System- und Innovationsforschung ISI
Supporting fundamentAl rights, PrIvacy and Ethics in surveillaNce Technologies (SAPIENT)
SAPIENT aims to specify how and when smart surveillance should be used (or not) and its characteristics to be effective and scalable to rapidly adapt to changing situations. It will provide stakeholders with a set of criteria for data protection and integrity that can be used to verify that surveillance systems and the sharing of information respect the privacy of citizens. The project will develop and provide a privacy impact assessment methodology, which is tailor-made for surveillance projects and technology developments and, in so doing, the use of the methodology will provide a means for limiting the collection and storage of unnecessary data. It will focus on the necessity and proportionality of data collection needs to avoid undue threats to data protection and privacy. SAPIENT will pave the way towards an approach of surveillance where the respect of the privacy of the citizen will be central.
The SAPIENT project will define and characterize smart surveillance within technological, social, political, legal, and ethical contexts, bridging from current studies of state-of-the-art of surveillance to emerging technologies and related applications expected over the next decade.
The second step will begin the process of active stakeholder engagement within SAPIENT, through convening focus groups with participants representing various views and interests on different applications of smart surveillance.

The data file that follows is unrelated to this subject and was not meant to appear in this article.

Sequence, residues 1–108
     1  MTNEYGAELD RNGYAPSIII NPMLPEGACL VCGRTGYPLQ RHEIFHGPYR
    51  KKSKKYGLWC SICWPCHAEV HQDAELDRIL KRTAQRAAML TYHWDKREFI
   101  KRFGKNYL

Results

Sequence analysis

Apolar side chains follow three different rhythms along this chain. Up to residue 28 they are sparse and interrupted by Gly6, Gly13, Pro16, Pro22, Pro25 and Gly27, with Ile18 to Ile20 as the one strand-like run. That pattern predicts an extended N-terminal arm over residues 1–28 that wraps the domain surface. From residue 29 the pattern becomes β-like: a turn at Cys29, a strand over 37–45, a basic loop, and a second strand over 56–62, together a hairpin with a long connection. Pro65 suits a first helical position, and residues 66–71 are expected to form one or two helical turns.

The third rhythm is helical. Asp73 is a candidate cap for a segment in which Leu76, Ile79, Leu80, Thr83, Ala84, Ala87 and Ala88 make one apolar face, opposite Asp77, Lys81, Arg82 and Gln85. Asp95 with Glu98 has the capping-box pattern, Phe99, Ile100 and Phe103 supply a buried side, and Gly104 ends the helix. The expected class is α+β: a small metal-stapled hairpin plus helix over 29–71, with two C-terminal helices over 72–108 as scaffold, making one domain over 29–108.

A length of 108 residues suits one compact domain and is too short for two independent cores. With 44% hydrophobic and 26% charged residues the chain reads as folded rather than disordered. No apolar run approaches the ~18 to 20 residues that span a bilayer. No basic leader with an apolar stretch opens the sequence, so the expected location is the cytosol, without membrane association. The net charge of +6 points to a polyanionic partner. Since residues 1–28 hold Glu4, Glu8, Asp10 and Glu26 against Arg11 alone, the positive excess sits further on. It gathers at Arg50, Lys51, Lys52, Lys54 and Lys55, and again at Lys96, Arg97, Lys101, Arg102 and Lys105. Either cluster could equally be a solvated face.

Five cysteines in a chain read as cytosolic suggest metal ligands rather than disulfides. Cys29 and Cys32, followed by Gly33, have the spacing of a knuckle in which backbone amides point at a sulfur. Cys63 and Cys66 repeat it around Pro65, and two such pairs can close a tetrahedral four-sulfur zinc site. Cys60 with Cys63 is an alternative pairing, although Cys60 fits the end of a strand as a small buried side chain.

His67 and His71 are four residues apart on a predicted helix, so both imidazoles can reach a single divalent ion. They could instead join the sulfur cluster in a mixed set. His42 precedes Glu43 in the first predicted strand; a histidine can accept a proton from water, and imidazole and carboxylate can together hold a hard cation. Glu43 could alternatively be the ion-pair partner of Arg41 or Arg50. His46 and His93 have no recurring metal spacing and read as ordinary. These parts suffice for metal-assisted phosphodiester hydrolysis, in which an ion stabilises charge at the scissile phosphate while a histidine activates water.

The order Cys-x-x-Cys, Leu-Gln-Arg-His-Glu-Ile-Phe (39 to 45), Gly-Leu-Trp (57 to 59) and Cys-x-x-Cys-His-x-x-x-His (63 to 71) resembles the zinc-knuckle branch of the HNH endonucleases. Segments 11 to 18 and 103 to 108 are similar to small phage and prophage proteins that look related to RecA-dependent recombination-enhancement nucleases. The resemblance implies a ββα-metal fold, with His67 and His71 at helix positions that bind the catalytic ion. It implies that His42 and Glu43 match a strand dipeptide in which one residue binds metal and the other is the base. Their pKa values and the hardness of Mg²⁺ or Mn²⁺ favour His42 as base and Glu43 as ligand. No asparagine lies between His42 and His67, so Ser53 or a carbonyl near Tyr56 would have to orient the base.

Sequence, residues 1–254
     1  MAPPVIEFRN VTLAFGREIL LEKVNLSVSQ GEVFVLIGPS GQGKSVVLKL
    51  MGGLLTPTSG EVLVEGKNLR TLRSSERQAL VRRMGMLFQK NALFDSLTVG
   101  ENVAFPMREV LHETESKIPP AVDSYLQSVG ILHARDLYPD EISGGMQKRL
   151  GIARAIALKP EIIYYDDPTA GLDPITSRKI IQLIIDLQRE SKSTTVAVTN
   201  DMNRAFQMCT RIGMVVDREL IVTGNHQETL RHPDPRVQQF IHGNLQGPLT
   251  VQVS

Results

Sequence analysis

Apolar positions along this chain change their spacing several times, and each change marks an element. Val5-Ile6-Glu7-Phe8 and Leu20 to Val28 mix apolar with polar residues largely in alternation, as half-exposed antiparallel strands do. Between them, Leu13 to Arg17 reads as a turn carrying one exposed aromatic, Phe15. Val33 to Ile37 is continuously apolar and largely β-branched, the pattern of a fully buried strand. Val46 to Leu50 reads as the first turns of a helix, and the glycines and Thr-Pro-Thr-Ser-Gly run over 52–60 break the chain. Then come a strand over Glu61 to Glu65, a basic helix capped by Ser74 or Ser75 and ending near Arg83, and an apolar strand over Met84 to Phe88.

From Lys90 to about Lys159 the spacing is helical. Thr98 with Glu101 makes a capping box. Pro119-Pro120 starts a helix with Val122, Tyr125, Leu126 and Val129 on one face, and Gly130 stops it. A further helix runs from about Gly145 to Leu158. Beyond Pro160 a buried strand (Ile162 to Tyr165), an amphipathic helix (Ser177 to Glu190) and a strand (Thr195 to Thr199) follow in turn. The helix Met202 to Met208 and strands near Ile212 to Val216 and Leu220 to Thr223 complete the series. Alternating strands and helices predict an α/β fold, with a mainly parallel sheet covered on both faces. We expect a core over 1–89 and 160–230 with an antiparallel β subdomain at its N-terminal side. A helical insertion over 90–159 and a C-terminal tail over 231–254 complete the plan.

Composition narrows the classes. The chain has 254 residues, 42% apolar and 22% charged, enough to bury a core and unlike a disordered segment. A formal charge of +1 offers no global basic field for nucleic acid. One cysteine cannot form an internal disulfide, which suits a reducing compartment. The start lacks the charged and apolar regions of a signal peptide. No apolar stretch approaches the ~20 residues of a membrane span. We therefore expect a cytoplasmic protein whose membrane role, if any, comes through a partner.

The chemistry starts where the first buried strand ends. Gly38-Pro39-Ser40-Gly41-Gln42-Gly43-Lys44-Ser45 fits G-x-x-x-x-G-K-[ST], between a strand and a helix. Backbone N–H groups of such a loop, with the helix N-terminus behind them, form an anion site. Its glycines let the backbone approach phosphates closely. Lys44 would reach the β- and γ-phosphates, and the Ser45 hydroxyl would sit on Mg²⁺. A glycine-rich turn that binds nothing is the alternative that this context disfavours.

Then the SAPIENT team will examine existing privacy impact assessment (PIA) methodologies and propose a methodology that is suitable for the assessment of state-of-the-art and emerging surveillance technologies and related applications.
The validation of the suggested PIA is done by three distinct field studies. These cases may focus upon technologies such as RFID, biometrics, or smart CCTV. A “lessons learned” evaluation will be completed at the conclusion of the case study test, and these will be used to revise the PIA methodology, resulting in the Surveillance Privacy Impact Assessment Manual.
Moreover a series of policy meetings will be held over the course of the project to present results of research. At the conclusion of the project, a final conference will be held to present the main findings and recommendations. It is expected to pave the way towards an approach of surveillance where the respect for privacy will be central.
The work of the project will lead to a practical handbook which will help policy-makers, technology developers and other stakeholders to better understand how and when smart surveillance should be used, and apply criteria to assure that such systems respect the privacy of citizen.
Laufend (01.02.2011 - 31.01.2014)
European Commission, DG ENTR/REA, 7th Framework Programme
Trilateral Research and Consulting LLP, London, UK
Vrije Universiteit Brüssel (VUB), BE
Centre for Science, Society and Citizenship (CSSC), Rom, IT
Universita della Svizzera Italiana (USI), Lugano, CH
King’s Colege London (KCL), UK
Centre for European Policy Studies (CEPS), Brüssel, BE
Wright, D.; Friedewald, M.; Gutwirth, S. et al. (2010): Sorting out smart surveillance. In: Computer Law and Security Review 26, Nr. 4, S. 343-354